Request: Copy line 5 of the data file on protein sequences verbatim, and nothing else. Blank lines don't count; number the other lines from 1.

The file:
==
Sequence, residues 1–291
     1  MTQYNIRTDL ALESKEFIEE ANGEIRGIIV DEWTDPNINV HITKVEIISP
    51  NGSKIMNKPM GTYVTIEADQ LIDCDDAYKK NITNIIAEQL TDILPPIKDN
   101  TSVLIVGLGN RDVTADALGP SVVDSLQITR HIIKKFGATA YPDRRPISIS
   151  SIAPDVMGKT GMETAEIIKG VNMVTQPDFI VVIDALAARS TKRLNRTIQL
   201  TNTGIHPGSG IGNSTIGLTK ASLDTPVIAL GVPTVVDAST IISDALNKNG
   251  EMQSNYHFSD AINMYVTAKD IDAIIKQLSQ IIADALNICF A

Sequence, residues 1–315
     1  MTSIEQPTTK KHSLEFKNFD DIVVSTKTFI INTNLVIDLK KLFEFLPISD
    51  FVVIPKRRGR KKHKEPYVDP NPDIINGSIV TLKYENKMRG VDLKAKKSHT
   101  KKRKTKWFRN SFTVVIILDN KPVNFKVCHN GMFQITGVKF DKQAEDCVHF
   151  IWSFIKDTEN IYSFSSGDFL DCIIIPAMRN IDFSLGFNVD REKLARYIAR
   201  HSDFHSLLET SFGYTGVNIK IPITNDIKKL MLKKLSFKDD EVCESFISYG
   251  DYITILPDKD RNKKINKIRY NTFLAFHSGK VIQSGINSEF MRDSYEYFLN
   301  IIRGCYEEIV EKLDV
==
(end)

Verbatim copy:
   151  SIAPDVMGKT GMETAEIIKG VNMVTQPDFI VVIDALAARS TKRLNRTIQL